10 the definition of micro, small and mediumsized enterprises. small and medium-sized enterprises should draw upon Commission Recommendation 2003/361/EC of 6 May 2003 concerning the definition of micro, small and mediumsized enterprises. 7 Recital 14 (14) This Regulation does not address issues of protection of fundamental rights and freedoms or the free flow of data related to activities which fall outside the scope of Union law, nor does it cover the processing of personal data by the Union institutions, bodies, offices and agencies, which are subject to Regulation (EC) No 45/2001, or the processing of personal data by the Member States when carrying out activities in relation to the common foreign and security policy of the Union. (14) This Regulation does not address issues of protection of fundamental rights and freedoms or the free flow of data related to activities which fall outside the scope of Union law, nor does it cover the processing of personal data by the Union institutions, bodies, offices and agencies, which are subject to Regulation (EC) No 45/2001 of the European Parliament and of the Council of 18 December 2000 on the protection of individuals with regard to the processing of personal data by the Community institutions and bodies and on the free movement of such data, or the processing of personal data by the Member States when carrying out activities in relation to the common foreign and security policy of the Union. In order to ensure a coherent data protection framework, Regulation (EC) No 45/2001 should be brought into line with this Regulation. This amendment seeks to ensure consistency between the Regulation and the laws regulating EU institutions, bodies and agencies, such as Regulation (EC) No 45/2001 but equally of all the EU agencies that currently have their own data protection regulations, leading to a patchwork of rules that makes it very hard for the data subject to exercise its rights. See related Articles 2(b), 89a PE v /215 PR\ doc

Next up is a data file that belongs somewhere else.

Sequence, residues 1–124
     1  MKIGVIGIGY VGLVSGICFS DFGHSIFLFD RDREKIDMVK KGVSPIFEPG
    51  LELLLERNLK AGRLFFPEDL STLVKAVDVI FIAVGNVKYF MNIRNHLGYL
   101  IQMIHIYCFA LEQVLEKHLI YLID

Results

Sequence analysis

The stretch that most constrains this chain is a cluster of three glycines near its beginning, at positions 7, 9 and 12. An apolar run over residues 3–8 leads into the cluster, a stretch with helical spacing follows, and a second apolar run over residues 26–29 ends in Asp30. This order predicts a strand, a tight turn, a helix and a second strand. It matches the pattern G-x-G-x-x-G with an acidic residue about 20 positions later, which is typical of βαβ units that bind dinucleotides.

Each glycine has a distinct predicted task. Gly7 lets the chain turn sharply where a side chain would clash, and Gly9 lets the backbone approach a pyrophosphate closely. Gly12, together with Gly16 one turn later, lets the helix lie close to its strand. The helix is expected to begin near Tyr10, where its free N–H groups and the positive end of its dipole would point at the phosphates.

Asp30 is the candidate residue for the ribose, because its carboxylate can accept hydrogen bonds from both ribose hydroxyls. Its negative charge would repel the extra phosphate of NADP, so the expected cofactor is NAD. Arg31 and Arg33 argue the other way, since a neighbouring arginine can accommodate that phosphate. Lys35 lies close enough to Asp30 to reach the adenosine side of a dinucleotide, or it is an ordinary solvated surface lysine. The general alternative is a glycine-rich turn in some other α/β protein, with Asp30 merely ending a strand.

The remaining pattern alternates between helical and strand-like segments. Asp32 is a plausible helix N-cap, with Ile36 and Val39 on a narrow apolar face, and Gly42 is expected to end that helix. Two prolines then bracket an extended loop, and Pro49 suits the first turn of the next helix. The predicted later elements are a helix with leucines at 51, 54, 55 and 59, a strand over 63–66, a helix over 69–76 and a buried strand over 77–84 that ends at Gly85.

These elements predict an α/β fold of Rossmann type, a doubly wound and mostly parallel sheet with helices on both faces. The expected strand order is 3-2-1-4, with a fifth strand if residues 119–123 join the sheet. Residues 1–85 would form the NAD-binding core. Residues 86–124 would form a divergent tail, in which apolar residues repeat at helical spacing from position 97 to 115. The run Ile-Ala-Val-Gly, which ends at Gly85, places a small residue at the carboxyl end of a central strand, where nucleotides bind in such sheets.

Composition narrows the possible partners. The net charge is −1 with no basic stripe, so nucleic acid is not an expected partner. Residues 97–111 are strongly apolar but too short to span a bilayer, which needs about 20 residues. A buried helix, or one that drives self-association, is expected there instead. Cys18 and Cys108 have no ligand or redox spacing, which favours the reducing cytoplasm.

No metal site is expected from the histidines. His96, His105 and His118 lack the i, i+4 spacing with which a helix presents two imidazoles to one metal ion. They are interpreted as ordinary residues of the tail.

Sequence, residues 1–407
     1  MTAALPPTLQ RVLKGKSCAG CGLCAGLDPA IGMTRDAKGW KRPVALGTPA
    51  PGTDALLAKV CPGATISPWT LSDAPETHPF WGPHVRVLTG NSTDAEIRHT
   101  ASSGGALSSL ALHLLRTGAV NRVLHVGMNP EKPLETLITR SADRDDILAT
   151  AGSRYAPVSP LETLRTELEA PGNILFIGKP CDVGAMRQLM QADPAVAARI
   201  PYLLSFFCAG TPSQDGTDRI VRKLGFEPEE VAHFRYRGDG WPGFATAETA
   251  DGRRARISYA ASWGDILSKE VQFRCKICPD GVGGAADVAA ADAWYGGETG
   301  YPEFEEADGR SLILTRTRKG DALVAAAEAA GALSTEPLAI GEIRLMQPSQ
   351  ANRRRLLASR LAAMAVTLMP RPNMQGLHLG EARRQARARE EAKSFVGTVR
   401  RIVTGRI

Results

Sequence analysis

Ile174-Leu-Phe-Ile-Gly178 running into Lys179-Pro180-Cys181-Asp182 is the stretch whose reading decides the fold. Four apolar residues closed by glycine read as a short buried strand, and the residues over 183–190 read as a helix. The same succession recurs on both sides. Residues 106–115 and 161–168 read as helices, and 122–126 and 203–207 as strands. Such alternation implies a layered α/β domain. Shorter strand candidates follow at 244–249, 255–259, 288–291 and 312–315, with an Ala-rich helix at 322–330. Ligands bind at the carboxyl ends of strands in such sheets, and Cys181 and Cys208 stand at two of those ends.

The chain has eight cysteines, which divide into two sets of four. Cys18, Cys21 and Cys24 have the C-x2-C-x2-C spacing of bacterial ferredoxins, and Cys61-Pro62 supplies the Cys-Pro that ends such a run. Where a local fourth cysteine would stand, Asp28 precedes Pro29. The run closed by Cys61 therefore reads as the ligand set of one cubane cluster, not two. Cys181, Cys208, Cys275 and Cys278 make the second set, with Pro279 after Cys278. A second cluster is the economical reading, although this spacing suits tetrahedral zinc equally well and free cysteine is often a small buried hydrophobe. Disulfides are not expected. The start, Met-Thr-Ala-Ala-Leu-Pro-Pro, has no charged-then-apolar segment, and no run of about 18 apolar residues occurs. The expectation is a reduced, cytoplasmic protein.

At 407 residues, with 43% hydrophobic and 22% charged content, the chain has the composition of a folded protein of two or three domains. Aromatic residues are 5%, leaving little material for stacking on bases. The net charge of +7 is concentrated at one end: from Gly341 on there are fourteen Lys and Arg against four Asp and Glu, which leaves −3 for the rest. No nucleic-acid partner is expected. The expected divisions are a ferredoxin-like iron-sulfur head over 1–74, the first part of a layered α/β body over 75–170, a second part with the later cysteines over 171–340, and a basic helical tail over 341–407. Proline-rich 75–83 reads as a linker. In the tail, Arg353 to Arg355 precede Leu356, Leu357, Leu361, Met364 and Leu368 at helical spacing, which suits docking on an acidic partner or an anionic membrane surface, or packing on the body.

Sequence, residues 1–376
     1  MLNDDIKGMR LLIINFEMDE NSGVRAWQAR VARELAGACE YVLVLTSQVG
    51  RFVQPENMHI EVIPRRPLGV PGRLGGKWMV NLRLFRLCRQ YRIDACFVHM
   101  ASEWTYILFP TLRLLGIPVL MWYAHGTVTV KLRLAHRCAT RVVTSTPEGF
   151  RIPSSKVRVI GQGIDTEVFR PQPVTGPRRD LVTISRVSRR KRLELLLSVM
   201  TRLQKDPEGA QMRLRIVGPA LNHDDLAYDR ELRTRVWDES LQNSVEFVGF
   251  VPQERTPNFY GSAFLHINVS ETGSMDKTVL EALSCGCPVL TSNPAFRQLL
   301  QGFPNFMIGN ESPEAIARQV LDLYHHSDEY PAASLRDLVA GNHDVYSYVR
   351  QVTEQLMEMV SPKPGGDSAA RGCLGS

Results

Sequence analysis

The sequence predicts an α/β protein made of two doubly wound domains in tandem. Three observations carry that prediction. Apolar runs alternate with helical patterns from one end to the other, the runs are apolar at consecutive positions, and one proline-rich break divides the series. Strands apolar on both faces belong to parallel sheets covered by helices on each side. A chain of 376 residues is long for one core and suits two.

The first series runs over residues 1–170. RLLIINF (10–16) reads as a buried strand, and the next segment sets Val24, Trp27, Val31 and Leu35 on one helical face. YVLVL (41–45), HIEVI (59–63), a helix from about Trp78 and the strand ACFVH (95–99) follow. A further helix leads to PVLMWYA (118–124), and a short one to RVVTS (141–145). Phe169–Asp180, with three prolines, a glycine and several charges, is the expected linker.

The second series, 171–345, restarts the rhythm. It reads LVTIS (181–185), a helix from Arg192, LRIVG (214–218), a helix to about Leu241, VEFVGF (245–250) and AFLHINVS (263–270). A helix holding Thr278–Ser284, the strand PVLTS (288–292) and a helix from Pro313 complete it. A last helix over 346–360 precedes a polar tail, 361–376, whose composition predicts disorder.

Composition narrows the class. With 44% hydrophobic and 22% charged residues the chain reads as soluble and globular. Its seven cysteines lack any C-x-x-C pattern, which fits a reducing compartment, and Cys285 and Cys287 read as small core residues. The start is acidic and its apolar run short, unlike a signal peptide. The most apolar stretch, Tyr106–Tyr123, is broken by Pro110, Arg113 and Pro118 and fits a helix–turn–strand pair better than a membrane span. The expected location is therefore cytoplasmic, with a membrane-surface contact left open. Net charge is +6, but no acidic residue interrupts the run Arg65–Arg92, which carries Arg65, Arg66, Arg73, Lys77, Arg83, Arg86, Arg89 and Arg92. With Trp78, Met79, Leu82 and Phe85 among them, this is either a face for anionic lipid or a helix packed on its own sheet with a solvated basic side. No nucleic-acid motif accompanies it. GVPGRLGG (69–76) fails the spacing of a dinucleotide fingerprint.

11 8 Recital 15 (15) This Regulation should not apply to processing of personal data by a natural person, which are exclusively personal or domestic, such as correspondence and the holding of addresses, and without any gainful interest and thus without any connection with a professional or commercial activity. The exemption should also not apply to controllers or processors which provide the means for processing personal data for such personal or domestic activities. (15) This Regulation should not apply to processing of personal data by a natural person, which is exclusively personal or domestic, such as correspondence, the holding of addresses or the personal use of certain electronic services. The exemption should not apply where the processing of personal data is done in pursuit of a professional or commercial objective. The nature of the personal data processed and whether it is available to a definite or indefinite number of persons shall be taken into account in determining whether the processing falls within the exemption. The exemption should also not apply to controllers or processors which provide the means for processing personal data for such personal or domestic activities. The processing of personal data by a natural person for private and household purposes can sometimes have a gainful interest (e.g. when selling private belongings to other private persons) but still should fall outside the scope of the Regulation as long as there is no connection to a professional or commercial activity. See related Article 2(2)d. 9 Recital 16 (16) The protection of individuals with regard to the processing of personal data by competent authorities for the purposes of prevention, investigation, detection or (16) The protection of individuals with regard to the processing of personal data by competent public authorities for the purposes of prevention, investigation, PR\ doc 11/215 PE v02-00